George reflected. He liked Reggie, and there was no particular reason in the world why he should not give him aid and comfort in this crisis. True, in his present frame of mind, it would be torture to witness a wedding ceremony; but he ought not to let that stand in the way of helping a friend.

"All right," he said.

"Stout fellow! I don't know how to thank you. It isn't putting you out or upsetting your plans, I hope, or anything on those lines?"

"Not at all. I had to go up to London today, anyway."

"Well, you can't get there quicker than in my car. She's a hummer. By the way, I forgot to ask. How is your little affair coming along? Everything going all right?"

"In a way," said George. He was not equal to confiding his troubles to Reggie.

"Of course, your trouble isn't like mine was. What I mean is, Maud loves you, and all that, and all you've got to think out is a scheme for laying the jolly old family a stymie. It's a pity—almost—that yours isn't a case of having to win the girl, like me; because by Jove, laddie," said Reggie with solemn emphasis, "I could help you there. I've got the thing down fine. I've got the infallible dope."

George smiled bleakly.

"You have? You're a useful fellow to have around. I wish you would tell me what it is."

"But you don't need it."

"No, of course not. I was forgetting."

Reggie looked at his watch.

"We ought to be shifting in a quarter of an hour or so. I don't want to be late. It appears that there's a catch of some sort in this business of getting married. As far as I can make out, if you roll in after a certain hour, the Johnnie in charge of the proceedings gives you the miss-in-baulk, and you have to turn up again next day. However, we shall be all right unless we have a breakdown, and there's not much chance of that. I've been tuning up the old car since seven this morning, and she's sound in wind and limb, absolutely. Oil—petrol—water—air—nuts—bolts—sprockets— carburetter—all present and correct. I've been looking after them like a lot of baby sisters. Well, as I was saying, I've got the dope. A week ago I was just one of the mugs—didn't know a thing about it—but now! Gaze on me, laddie! You see before you old Colonel Romeo, the Man who Knows! It all started on the night of the ball. There was the dickens of a big ball, you know, to celebrate old Boots' coming-of-age—to which, poor devil, he contributed nothing but the sunshine of his smile, never having learned to dance. On that occasion a most rummy and extraordinary thing happened. I got pickled to the eyebrows!" He laughed happily. "I don't mean that that was a unique occurrence and so forth, because, when I was a bachelor, it was rather a habit of mine to get a trifle submerged every now and again on occasions of decent mirth and festivity. But the rummy thing that night was that I showed it. Up till then, I've been told by experts, I was a chappie in whom it was absolutely impossible to detect the symptoms. You might get a bit suspicious if you found I couldn't move, but you could never be certain. On the night of the ball, however, I suppose I had been filling the radiator a trifle too enthusiastically. You see, I had deliberately tried to shove myself more or less below the surface in order to get enough nerve to propose to Alice. I don't know what your experience has been, but mine is that proposing's a thing that simply isn't within the scope of a man who isn't moderately woozled. I've often wondered how marriages ever occur in the dry States of America. Well, as I was saying, on the night of the ball a most rummy thing happened. I thought one of the waiters was you!"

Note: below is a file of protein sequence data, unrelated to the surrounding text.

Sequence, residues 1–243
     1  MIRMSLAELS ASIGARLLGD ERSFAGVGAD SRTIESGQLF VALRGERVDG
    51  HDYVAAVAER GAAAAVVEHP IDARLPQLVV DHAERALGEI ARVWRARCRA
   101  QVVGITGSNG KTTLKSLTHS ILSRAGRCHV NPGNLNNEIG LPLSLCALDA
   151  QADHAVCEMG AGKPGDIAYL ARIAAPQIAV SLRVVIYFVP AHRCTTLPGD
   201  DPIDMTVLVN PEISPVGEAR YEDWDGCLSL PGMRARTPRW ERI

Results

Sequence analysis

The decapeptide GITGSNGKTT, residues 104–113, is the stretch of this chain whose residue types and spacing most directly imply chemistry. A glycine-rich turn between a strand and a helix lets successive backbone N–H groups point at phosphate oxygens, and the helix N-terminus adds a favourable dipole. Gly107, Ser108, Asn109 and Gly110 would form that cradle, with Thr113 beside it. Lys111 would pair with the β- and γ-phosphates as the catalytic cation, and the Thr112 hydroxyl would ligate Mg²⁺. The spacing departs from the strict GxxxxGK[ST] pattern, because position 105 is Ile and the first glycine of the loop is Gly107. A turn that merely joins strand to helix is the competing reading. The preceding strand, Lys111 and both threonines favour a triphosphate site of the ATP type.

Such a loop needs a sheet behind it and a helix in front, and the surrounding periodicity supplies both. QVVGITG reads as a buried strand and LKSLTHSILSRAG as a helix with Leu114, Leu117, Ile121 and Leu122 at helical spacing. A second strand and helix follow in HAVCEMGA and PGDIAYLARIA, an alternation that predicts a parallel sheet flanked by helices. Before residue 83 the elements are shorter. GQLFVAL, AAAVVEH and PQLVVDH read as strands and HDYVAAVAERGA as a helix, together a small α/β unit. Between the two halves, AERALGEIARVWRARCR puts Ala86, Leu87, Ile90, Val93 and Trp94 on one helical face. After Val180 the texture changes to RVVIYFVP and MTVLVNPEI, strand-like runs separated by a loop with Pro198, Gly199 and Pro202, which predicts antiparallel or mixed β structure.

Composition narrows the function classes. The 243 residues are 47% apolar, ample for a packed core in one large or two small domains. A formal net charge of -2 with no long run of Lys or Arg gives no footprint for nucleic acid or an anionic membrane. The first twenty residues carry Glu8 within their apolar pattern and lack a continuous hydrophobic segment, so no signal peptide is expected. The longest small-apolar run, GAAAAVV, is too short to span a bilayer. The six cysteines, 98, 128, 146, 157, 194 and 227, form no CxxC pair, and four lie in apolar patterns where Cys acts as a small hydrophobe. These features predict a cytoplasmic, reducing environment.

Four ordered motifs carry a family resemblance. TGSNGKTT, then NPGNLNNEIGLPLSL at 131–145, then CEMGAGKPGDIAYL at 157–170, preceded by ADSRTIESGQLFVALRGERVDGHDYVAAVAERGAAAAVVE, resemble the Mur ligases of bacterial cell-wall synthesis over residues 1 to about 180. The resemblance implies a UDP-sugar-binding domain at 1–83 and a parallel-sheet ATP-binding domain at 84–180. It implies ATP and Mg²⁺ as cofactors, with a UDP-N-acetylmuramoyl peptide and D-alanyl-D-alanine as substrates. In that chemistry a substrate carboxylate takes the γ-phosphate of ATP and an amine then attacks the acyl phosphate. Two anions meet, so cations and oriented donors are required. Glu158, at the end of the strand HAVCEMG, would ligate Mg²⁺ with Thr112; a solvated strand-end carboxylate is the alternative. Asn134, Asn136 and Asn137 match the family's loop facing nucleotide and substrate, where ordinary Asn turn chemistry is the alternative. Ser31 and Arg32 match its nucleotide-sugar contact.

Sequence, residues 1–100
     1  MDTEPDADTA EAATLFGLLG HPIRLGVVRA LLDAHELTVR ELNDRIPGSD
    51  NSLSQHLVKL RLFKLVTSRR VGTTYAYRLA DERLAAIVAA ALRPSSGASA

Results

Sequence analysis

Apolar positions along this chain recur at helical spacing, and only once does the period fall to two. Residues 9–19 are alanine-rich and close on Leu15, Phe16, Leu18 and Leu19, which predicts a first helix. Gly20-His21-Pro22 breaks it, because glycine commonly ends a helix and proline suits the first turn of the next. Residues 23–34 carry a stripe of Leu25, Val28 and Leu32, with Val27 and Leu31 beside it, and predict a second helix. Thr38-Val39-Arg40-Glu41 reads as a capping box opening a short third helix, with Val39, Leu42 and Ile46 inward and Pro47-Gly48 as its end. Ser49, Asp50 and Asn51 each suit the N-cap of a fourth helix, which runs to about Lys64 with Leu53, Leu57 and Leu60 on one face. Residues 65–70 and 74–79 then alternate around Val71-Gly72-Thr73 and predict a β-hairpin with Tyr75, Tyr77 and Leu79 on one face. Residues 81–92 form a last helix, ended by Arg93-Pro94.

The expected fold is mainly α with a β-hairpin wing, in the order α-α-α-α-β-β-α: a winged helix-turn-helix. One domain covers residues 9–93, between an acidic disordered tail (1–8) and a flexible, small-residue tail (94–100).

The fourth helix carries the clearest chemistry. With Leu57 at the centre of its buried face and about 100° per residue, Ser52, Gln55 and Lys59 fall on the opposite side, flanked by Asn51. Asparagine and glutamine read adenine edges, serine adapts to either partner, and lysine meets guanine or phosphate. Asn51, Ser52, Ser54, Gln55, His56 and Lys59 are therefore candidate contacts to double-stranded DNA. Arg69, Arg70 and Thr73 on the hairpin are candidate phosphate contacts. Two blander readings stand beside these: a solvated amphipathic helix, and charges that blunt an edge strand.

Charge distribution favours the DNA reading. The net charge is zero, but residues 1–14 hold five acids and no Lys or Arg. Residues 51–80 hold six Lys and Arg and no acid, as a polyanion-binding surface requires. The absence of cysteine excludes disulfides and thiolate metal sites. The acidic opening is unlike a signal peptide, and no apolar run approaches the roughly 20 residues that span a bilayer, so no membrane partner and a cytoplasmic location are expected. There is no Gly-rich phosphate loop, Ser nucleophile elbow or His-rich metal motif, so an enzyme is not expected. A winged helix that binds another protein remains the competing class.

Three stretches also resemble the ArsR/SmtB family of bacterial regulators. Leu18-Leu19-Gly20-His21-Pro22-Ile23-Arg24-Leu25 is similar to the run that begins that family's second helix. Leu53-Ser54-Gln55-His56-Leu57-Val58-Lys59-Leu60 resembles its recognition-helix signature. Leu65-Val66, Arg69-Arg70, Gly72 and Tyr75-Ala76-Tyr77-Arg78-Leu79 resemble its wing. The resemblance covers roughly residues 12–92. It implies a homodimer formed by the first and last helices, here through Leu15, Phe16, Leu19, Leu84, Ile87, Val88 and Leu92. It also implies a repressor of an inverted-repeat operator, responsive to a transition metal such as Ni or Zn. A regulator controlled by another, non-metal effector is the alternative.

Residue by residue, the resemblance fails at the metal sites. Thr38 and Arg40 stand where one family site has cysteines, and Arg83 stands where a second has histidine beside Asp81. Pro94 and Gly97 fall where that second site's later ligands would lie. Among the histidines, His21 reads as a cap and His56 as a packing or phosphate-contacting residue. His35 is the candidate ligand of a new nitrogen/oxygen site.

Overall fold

He paused impressively to allow this startling statement to sink in.

"And was he?" said George.

"Absolutely not! That was the rummy part of it. He looked as like you as your twin brother."

"I haven't a twin brother."